Tertiary Education and Industrial Development in Ghana

Accelerated industrial growth is one of the priorities of Ghana in order to boost the welfare of her citizenry as well as economic development. This therefore, requires that tertiary education provides graduates with job-relevant skills to meet the demands of industry and the economy as a whole. Based on this overarching development objective, the Ministry of Finance and Economic Planning (MOFEP); The Association of Ghana Industries (AGI); the National Council for Tertiary Education (NCTE); and the Ministry of Trade and Industry (MOTI) have in various national documents called for the need to build effective and strong linkages between tertiary education and industry. On the backdrop of these expressed needs of policy makers coupled with the imperativeness of the subject matter, this study was initiated, with its main thrust being the unravelling of the elements of mismatch between tertiary education and the needs of industry in Ghana and the factors underpinning the mismatches.

Using an eclectic mix of methodological approaches – quantitative and qualitative methods, the study was conducted in tertiary institutions and firms within the Greater Accra Region, Association of Ghana Industries (AGI), government agencies mandated to govern tertiary education delivery in Ghana and among graduates of tertiary institutions. Fundamentally, the mismatches uncovered included the insufficiency of certain skills in the labour market that are highly needed by firms: the ability of graduates to analyse data/situations and propose solutions, leadership and innovation, technical skills, and graduates’ ability to take responsibility of own actions and inactions; and the lack of employment opportunities in the labour market. The foundations of these mismatches were unearthed to include the following eight (8) subcomponents: inadequate tertiary education provisions vis-à-vis provisions in Ghana’s industrial policy; ineffectiveness of institutions charged with oversight responsibility for ensuring quality in tertiary education; poor integration of relevant stakeholders; absence of a national development plan linked to tertiary education; inadequate funding; inadequate personnel/ infrastructure at tertiary institutions; the shift in focus of some tertiary institutions; and industrial Challenges. The study further unraveled that the mismatches between tertiary education and skills need of firms have three major effects on the Ghanaian economy: labour market effect, productivity effect, and development effect.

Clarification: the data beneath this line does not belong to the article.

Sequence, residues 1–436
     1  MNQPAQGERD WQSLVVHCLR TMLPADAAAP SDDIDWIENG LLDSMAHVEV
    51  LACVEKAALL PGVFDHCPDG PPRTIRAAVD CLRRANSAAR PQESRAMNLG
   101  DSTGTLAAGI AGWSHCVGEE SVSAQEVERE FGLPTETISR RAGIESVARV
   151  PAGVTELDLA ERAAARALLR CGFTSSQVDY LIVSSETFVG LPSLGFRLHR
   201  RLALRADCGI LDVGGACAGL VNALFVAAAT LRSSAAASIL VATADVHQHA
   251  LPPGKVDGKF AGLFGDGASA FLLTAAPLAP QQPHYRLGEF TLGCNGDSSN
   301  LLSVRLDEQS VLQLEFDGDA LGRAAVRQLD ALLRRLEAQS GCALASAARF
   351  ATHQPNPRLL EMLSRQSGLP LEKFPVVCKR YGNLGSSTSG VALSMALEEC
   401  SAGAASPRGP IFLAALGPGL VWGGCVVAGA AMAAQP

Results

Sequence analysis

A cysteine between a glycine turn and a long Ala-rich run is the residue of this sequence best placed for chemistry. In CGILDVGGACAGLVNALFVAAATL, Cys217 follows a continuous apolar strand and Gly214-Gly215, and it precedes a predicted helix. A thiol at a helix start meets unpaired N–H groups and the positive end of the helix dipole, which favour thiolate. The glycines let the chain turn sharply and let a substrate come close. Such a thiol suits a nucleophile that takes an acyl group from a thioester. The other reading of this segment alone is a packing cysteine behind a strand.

Based on these findings, the study recommended the need to develop a long-term national development plan and a comprehensive tertiary education policy situated within the long-term developmental objectives of the country; revamp the tertiary education governing bodies; enhance both vertical and horizontal integrations among stakeholders in the tertiary education sector; boost up funding for tertiary education; mainstream entrepreneurship course into all departments’ programmes; promulgate a legal instrument to compel industries to open up for research; create a greater enabling environment for the private sector and industry to thrive; and create an integrated platform for dialogue on national provisions for tertiary education and the needs of the Ghanaian economy.

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